What did you have for breakfast this morning? I had McCann’s steel-cut oatmeal with strawberries and a little pomegranate kefir. Nutritious, delicious, and filling, and part of my very conscious effort to break away from the unhealthy coffee and croissant habit I’ve been enjoying since I was a young Francophile living in Paris. Not that I deny myself completely. You can get a perfect croissant and latte in Los Angeles, most notably at Susina on Beverly and La Brea, one of my primary writing haunts. I also like the organic soft-boiled eggs served with amazing homemade bread at Le Pain Quotidien in Beverly Hills, site of much of the celebrity eavesdropping I’ve inappropriately shared on this blog. And if you’re really going whole hog (and don’t mind looking like one), nothing beats the pancakes or French toast at DuPar’s in Farmer’s Market.
Do they still say that breakfast is the most important meal of the day, or was that part of some Kellogs-funded propaganda campaign? It was always my favorite meal as a kid. On weekends, my mother would make us hot cereal (at the time I preferred the smooth, lily white goodness of Cream of Wheat to the rough-hewn gummy Quaker Oats, despite my nephews’ national shilling of the product), or matzah brei, something I still make for my daughter at least once a week, or my mother’s specialty, eggs in the hole.
But during the week, our standard morning fare was the heavily sugared, day-glo colored, artificially flavored breakfast cereals of the 1960s. My sister Sue just sent me this classic photograph of the two of us enjoying our morning bowl of Trix at the breakfast table. As luck would have it, my sister is even more of an OCD archivist than I am, and she finally figured out how to use her scanner. This photo fascinates me on several levels. First of all, how old are we, the image looks as ancient as a Civil War Daguerreotype! Even though we’re looking at the camera, I love the candid nature of the shot. What possessed my mother or father to get out the old Polaroid that morning and snap this photo? How I wish we had more of these images from daily life instead of the lined-up portraits taken at weddings and Bar Mitzvahs. I could stare at that cool early 1960s kitchen for hours. Of course it was eventually “improved” to remove all traces of wood and other natural products. Sigh.
The photo was taken when we still lived in our two-bedroom apartment at 5842 N. St. Louis in Chicago. When I was in first grade, we moved a few blocks away to what was a mansion by comparison, but is it just nostalgia talking when I say that we were never happier as a family than when we were in those cramped quarters on St. Louis? My brother, sister, and I shared one large bedroom, our twin beds lined up in single file against the wall. I never longed for my own room back then, and I remember being quite lonely when we moved on up to the Big House (where my father still lives today). I love that the box of Trix is prominently displayed on the table and wish I could show it to my mom who playfully denied most of the facts in an essay I published years ago about growing up on junk food.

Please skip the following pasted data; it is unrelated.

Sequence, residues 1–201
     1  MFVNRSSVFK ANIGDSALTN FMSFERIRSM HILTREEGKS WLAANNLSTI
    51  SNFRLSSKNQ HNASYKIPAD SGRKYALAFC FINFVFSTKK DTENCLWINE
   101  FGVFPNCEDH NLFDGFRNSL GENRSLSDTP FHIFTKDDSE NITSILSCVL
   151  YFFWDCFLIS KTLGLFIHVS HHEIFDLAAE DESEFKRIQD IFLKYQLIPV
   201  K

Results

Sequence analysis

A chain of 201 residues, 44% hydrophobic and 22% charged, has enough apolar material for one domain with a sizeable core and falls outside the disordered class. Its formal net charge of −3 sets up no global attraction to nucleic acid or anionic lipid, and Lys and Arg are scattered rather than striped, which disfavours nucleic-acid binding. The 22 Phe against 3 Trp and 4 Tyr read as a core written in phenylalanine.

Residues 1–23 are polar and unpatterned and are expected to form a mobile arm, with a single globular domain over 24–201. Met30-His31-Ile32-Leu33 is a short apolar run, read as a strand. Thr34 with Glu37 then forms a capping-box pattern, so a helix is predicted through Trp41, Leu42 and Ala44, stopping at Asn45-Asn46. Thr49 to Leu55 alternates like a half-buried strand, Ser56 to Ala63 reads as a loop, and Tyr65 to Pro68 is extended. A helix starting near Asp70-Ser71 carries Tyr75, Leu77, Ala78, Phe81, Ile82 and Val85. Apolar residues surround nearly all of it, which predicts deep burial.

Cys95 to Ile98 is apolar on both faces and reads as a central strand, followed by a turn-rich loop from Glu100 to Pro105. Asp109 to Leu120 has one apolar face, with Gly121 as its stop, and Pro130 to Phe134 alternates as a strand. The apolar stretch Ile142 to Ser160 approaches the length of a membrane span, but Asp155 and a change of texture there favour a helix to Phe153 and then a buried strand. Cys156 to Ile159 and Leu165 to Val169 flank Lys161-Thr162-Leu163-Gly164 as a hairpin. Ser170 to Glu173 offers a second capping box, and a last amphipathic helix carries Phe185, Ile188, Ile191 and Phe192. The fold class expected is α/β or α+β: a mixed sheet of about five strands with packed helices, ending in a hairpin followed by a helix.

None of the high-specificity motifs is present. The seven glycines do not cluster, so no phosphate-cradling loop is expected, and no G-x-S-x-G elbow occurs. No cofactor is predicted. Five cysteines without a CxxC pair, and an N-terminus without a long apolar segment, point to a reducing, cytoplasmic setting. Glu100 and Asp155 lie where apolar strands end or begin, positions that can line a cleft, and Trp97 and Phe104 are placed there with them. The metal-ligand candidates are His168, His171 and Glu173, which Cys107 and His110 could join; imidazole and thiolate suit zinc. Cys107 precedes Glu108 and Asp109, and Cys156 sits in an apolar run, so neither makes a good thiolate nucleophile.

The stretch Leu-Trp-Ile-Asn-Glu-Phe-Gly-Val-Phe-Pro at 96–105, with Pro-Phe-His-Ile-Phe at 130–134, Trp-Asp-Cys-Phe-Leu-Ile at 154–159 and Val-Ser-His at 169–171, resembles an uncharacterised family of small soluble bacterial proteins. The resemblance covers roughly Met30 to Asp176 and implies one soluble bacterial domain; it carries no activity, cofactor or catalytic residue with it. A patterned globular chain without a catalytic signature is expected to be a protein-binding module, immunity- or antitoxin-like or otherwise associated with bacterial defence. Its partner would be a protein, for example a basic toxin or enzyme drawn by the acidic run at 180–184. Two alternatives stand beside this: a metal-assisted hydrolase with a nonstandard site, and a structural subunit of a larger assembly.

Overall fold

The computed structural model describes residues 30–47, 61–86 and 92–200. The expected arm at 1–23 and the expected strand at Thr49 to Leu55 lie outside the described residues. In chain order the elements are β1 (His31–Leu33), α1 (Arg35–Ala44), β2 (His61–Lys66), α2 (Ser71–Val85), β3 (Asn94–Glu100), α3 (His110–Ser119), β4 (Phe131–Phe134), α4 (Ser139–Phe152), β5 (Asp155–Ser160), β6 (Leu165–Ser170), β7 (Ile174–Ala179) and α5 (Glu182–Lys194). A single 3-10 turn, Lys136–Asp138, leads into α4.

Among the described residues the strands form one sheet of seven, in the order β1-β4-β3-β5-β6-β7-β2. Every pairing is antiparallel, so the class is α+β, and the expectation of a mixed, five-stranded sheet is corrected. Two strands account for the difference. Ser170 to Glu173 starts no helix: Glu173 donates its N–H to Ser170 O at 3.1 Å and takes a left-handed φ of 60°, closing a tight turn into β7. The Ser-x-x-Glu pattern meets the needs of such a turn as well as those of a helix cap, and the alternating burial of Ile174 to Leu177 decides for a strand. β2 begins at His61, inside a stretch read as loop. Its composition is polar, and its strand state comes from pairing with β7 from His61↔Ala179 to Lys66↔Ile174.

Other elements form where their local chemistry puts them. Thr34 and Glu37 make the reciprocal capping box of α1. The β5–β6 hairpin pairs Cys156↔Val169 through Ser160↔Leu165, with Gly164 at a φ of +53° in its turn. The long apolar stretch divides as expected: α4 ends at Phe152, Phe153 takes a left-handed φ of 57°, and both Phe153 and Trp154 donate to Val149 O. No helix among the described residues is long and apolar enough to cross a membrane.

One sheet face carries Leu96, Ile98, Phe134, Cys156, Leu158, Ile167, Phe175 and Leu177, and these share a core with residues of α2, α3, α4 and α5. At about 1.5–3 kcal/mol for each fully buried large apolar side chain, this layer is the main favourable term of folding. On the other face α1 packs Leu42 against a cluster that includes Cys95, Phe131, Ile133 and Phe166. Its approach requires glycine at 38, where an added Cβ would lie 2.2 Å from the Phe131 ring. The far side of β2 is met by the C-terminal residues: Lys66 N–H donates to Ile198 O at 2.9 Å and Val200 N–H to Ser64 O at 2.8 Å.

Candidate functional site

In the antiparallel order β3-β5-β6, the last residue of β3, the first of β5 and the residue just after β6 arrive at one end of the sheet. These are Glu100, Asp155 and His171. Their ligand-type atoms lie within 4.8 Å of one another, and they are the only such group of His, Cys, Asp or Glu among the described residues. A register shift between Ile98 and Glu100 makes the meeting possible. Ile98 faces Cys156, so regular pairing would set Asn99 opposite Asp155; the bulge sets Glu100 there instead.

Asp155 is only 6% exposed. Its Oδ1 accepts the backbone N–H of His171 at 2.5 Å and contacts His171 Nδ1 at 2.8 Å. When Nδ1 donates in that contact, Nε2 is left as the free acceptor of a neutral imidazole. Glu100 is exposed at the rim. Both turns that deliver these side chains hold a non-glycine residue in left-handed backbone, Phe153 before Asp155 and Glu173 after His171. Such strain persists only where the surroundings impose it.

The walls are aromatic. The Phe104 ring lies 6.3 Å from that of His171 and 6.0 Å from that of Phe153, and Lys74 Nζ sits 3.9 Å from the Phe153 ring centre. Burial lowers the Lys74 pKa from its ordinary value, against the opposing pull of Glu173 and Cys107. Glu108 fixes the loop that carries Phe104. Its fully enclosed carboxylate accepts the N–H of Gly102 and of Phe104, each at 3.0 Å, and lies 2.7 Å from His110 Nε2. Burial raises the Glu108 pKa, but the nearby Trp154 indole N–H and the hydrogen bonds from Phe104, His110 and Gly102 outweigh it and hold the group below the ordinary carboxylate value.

Trix was probably my favorite sugary cereal. I loved how the fluorescent colors of the little balls would create colored swirls in my milk. I remember carefully moving the pieces of Trix in my bowl to create words with the food coloring that was leaching off the product. My pièce de résistance, following one of the annual viewings of “The Wizard of Oz,” was spelling “Surrender Dorothy!” in my cereal bowl. In addition to Trix, my steady diet of breakfast cereals included Cap’n Crunch, Apple Jacks, Sugar Crisps, Froot Loops, Sugar Smacks, Frosted Flakes, Cocoa Puffs, Sugar Puffs, Corn Pops, and those yummy Lucky Charms, which every Baby Boomer knows, were “so magically delicious.” Of course I mastered the art of avoiding those nasty oat bits with my spoon and going straight for the soggy marshmallow treats including pink hearts, yellow moons, orange stars, and green clovers. Here’s a commercial for Trix that may have been playing on our giant black-and-white high-fidelity General Electric console while the photograph above was being taken:
Make no mistake, these cereals were poison, and I’m tempted to organize a class-action suit against all 1960s parents who were suckered into purchasing these science experiments for their children. But oh, how I loved them. When my parents started feeling guilty about our daily sugar intake, we’d begrudgingly eat the “health food” alternatives they’d place before us, such as Rice Krispies, Raisin Bran, plain Corn Flakes, Cheerios, Special K, Life, Chex, or the dreaded Shredded Wheat. These products still contained copious amounts of sucrose, believe me, but since each piece wasn’t officially “frosted,” we’d add so much extra granulated sugar that our bowls looked like fields of glistening snow drifts.
I guess a lot of these cereals still exist, but I can’t imagine giving any of them to my 12-year-old daughter. Not that I’m judging any of you who do so, it’s just that I don’t want to stunt my child’s growth or make sure her teeth rot before the age of 40. Oh well, I should just shut up, I resorted to plenty a Pop Tart in Leah’s younger days when I didn’t have the energy to make a real meal. And I’m not so sure that the Whole Foods cereals we eat are really that much better than the sugar-based concoctions of my youth. They’re certainly not as colorful.